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Understanding Remittances

The remittance downturn is not as alarming as it may initially seem.



Worker remittances constitute a critical flow of foreign currency into Latin America and the Caribbean.  Remittances exceeded $58 billion in 2006, greater than the total value of development fund inflows to the region. In at least six countries, remittances account for 10 percent of GDP.  The market is so vast that it could easily accommodate new players and business models.  Mexico accounts for roughly 40 percent of remittances to the region, and serves as an important barometer.  In 2006 it reported only 15 percent annual growth and first semester 2007 data indicates virtually no growth.

This downturn is not as alarming as it may initially seem.  Firstly, historical growth rates of remittances were inflated by the positive effects of gradual improvements in reporting mechanisms.  True organic growth was therefore lower than the recorded averages between 2000 and 2006.  Secondly, current softness in the market will revert within the next two to three years, because the strongest factor affecting remittances continues to be the demand for cheap labor in the US, and long-term demand remains strong.  Growth will likely return, albeit at more modest rates of 10 to 15 percent, within three years.  Neither the forces contributing to these swings in remittances, nor the duration of the downturn, are likely to establish banks (or any alternative remittance model) as a serious threat to the well-established money transfer operator (MTO) model. 


The factors contributing to the scorching growth rates in remittances between 2000 and 2004 must be illustrated to understand why growth rates for the next two years will be substantially more modest.   Improvement in the reporting capacity Latin American governments played a considerable role.  Historically, the bulk of worker remittances were lost in the errors and omissions categories of most countries’ balance sheets.  Responding both to World Bank initiatives (also known as the Yellowbook Reports) and market pressures, all countries in the region improved ACH capacity and electronic payment reconciliation between 2000 and 2004.  This contributed to more accurate and transparent reporting of money flows.  It is impossible to accurately quantify the effect of improved reporting capacity on the growth of reported remittances levels, but it’s safe to say that much of what was apparently growth was in reality reclassification of existing payments.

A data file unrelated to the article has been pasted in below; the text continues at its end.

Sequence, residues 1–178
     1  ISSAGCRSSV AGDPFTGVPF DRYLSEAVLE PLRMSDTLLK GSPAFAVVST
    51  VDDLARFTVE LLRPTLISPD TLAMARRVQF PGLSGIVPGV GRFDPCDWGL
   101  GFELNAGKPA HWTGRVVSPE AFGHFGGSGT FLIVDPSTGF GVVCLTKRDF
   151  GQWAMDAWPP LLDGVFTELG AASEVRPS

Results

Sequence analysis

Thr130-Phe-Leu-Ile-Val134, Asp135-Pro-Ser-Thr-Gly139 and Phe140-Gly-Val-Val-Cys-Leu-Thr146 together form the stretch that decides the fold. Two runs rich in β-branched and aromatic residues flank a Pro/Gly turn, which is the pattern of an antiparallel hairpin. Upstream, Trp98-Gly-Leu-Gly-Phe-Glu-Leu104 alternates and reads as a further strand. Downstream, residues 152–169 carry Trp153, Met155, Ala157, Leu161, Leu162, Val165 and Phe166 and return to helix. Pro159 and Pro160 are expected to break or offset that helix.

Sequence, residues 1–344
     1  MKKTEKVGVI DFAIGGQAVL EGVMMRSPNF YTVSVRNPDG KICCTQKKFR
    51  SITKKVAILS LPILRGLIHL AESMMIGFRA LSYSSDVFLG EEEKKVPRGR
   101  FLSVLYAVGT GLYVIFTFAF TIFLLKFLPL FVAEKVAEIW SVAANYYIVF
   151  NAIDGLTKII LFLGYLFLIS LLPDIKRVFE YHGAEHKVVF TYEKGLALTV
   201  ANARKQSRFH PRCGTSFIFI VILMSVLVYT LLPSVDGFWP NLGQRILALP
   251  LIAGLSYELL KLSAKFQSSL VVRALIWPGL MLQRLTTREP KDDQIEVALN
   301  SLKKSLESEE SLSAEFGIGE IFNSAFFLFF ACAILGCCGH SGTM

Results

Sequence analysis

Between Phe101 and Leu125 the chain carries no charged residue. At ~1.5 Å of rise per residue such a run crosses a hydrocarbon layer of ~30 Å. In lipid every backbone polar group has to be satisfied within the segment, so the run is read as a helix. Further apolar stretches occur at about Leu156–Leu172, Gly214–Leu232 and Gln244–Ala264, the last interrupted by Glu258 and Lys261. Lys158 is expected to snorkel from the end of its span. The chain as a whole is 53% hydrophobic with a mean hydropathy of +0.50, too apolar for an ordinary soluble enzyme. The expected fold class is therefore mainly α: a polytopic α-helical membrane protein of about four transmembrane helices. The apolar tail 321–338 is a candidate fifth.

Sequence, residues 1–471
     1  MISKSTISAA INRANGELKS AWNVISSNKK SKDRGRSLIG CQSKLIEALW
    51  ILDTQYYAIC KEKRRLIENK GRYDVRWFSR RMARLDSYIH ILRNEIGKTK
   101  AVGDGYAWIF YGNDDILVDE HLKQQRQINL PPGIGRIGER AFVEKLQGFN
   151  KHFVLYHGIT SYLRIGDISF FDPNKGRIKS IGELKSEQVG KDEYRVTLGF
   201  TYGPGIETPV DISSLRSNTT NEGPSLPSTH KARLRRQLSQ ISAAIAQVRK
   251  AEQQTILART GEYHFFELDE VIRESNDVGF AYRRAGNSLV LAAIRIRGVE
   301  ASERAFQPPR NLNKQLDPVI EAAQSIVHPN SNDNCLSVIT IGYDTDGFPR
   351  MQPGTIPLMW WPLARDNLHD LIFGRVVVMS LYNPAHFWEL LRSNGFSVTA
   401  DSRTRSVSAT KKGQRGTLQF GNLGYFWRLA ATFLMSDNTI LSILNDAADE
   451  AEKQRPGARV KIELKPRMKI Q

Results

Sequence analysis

Another factor in remittance growth was the number of illegal immigrants successfully crossing the Mexican border.  Not all remittance senders to Latin America are illegal immigrants, but many are, and it stands to reason that variations in illegal entry volume will directly impact remittance figures.  The number of apprehensions made by U.S. border authorities usually correlates with the volume of immigrants in a given year.  It will then take illegal immigrants some time to find a job and begin sending money home.   In 2004, when remittances to Mexico grew 24 percent, the number of apprehension increased 20 percent the year prior.  Not surprisingly, the significant softening of remittances in 2007 follows a year marked by significant upgrades in border patrol and fencing, and less than 900,000 apprehensions. 

It is hard to predict apprehensions for any given year, or to know how this will affect remittance volumes.   Initial DHS data for 2007 indicates that results will not vary substantially from 2006, which suggests similar flat results for 2008 remittance volume.  If proposed upgrades to border patrol resources come through in the next couple of years it is likely the number of successful crossing will drop by 2010, and may result in the first actual drop in remittances, particularly the U.S.-Mexico corridor.

Compounding stricter U.S. border control is the cessation of railway operations on Mexico’s southern border with Guatemala.   Over 20 percent of illegal immigrants entering the U.S. first cross through Mexico.  At the Guatemala border, they made use of the railroad carts operated by the Genesse & Wyoming concession.  This rail link was suspended in July 2006 due to hurricane damage, thereby obliging Central American immigrants to walk 300 kilometers from the border to the nearest rail station.  This negatively impacted remittances in 2007 by interrupting or deterring pass through flows of Central Americans eventually crossing the U.S.-Mexico border during 2006.